I do like orange flowers and this next mallow-like flower is very pretty. Sphaeralcea incana is actually coral rather than orange. It is a shrubby plant with silvery foliage. It is a perfect match with a coral  Kniphofia ‘Timothy’ and the golden seed heads of Stipa gigantea look good with it too.

Sphaeralcea incana with Kniphofia ‘Timothy’ and Stipa gigantea

I also grow it in the Mediterranean garden with terracotta Achillea ‘Walter Funcke’ and Bulbine frutescens which I found in Normandy last year growing on a roundabout.  I just had to have a tiny scrap of it. Alright, I am shameless, but I did risk life and limb and possibly imprisonment for it, but it matches beautifully. Actually, you perhaps don’t go to goal for nicking cuttings off a roundabout in France, but still I could have got shouted at by a gendarme.

Bulbine frutescens

I have to include some fragrant flowers for July. My early lilies get wrecked by lily beetle despite my best and most murderous efforts to keep them under control. But the later flowering tall -growing lilies have tougher leaves and are not so difficult to keep pest free. They smell divine in my secret garden. Lily ‘Lady Alice’ is white and orange with brown spots, some of the flowers are reflexed. It is so pretty.

Lily ‘Lady Alice’

I am also very keen on Lily ‘Late Morning’ which is cream and yellow.

Lily ‘late Morning’

I don’t know who Leslie Woodriff was but this next one is a fabulous lily and is always so healthy and hu-u-u-ge.

Lily ‘Leslie Woodriff’

On the trellis behind Leslie is a trachelospermum which is contributing to the heavenly fragrance in the secret garden. I also grow one on the house wall by French window so that we can enjoy the fragrance even when we go inside, which isn’t very often this summer.

Trachelospermum jasminoides

I love campanulas and I will finish with a bizarre one.

Campanula pyramidalis

I grew it from seed and at three years old it is blooming for the first time. It the Chimney Bell Flower, Campanula pyramidalis. I first saw this used as pot plant, in fact a chimney plant, at Great Dixter years ago. It is supposed to be perennial but as it puts in so much effort to grow very tall I don’t expect it to survive for another year. It is enormous at 210 centimetres tall.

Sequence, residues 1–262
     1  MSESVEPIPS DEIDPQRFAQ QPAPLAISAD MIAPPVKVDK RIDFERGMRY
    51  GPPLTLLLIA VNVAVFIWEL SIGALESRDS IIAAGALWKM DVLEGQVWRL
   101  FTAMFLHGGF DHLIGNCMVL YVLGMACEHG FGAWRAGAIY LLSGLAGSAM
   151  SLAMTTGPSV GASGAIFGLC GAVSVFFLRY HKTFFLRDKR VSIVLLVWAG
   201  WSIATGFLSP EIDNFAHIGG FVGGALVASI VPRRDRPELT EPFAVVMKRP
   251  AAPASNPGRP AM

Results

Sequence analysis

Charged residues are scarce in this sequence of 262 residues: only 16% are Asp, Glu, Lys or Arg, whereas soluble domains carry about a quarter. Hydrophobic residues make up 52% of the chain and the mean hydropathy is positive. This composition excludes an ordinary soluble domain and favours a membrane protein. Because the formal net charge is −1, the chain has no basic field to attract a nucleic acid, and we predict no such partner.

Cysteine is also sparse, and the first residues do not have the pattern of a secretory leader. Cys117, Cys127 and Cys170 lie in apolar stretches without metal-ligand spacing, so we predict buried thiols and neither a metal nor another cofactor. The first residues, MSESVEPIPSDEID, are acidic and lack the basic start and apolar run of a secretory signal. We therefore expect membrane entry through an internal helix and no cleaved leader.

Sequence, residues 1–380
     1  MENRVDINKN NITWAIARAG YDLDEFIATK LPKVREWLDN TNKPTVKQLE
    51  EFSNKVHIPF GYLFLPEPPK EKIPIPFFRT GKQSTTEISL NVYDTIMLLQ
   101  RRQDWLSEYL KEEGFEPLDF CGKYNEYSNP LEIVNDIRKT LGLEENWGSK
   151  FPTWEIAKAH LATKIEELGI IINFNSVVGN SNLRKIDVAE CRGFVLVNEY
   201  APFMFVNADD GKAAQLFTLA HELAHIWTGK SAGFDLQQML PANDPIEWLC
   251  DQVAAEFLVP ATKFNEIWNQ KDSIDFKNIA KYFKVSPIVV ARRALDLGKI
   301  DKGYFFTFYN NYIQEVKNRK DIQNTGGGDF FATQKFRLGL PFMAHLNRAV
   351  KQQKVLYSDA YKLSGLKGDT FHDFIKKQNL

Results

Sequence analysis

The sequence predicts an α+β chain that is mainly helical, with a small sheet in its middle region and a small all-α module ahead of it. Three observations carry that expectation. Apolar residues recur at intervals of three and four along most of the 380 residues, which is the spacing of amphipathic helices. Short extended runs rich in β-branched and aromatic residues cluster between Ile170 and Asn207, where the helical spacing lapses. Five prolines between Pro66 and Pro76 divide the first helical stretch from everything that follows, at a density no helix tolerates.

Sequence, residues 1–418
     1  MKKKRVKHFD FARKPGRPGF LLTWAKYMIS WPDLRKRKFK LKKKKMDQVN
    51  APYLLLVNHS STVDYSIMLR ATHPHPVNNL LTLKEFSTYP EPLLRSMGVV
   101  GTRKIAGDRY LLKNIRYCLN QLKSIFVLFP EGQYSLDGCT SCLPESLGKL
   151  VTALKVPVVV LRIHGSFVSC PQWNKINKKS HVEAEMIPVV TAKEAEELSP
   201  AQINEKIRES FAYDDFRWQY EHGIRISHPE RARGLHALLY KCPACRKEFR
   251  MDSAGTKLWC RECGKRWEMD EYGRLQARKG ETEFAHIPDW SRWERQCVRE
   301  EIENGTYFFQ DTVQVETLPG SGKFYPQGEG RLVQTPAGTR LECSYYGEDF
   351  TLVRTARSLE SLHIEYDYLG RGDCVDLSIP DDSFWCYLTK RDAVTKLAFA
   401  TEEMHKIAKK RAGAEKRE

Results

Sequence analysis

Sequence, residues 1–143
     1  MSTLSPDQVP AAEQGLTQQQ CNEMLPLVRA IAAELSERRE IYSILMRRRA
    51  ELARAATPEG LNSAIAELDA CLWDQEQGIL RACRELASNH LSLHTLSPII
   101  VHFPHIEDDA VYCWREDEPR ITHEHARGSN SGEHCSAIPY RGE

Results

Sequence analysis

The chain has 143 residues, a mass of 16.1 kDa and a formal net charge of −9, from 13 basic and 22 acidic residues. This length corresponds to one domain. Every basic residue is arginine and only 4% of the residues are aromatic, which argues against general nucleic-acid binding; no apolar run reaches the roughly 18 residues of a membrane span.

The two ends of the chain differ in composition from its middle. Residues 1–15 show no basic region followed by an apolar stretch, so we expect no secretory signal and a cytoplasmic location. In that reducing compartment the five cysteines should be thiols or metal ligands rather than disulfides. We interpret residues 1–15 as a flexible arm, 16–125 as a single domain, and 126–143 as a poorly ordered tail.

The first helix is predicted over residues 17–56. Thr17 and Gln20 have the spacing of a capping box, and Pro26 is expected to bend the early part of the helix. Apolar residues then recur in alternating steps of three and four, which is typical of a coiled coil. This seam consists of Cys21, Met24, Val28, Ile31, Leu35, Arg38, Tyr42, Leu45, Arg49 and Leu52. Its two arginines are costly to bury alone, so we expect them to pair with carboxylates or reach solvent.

I have another one with two shoots which is not so tall.

If you are thinking ‘What no dahlias? ‘ I do have dahlias, lots of them but I will save them for August. Right now, I have some watering to do. I am so sick of the Sisyphus-like task of endless watering. I expect you are too. But still one would like to have some remnants of a garden left in the autumn.

If you have managed to save ten or just one or two special July blooms from total desiccation, it would be lovely to see them. Please share them and link to my blog.

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41 Responses to My Top Ten July Blooms.

  1. tonytomeo says:

    Have I been missing your posts, or were you not posting while away?
    Sea holly has been a popular topic recently. I thought I wrote about something special, but it is not special when so many do the same thing. Everyone else has more compelling pictures, with more variation of color.
    Lily-of-the-Nile is so common here that we do not think much of it. I still dig it, particularly the old classic big blue and big white ones. The pale blue are nice too, but not as classic. The purple ones are weird.

  2. Pingback: Hot July Blooms | Rambling in the Garden

  3. snowbird says:

    I had to google sere…a new word to me, but how very apt! My garden is sere too…sighs…I have given up on watering, it doesn’t help in sandy soil! Oh goodness, that fire sounds horrendous, there have been lots aroundhere too, even on Ainsdale and Formby beaches. I just loved all your blooms, especially that campanula and the agapanthus. You had me howling laughing re the plant popping up through the library floor and nicking cuttings from roundabouts in France….what ARE you like!!!! Hahahahaha.xxx

    • Chloris says:

      And today, I noticed that there is new romneya shoot in the library. I love plants but this is ridiculous.
      You are right I was appalled at myself nicking that cutting but I had never come across Bulbine before and it is so pretty.

  4. Eliza Waters says:

    Fabulous and unusual blooms! I love your orange sea poppies/agapanthus combo and your lilies are to die for. Your garden is looking lovely, Chloris!

    • Chloris says:

      Thank you Eliza, but quite a lot of the garden is looking dried out and tired. Still I should be glad that there is still plenty to enjoy.

  5. janesmudgeegarden says: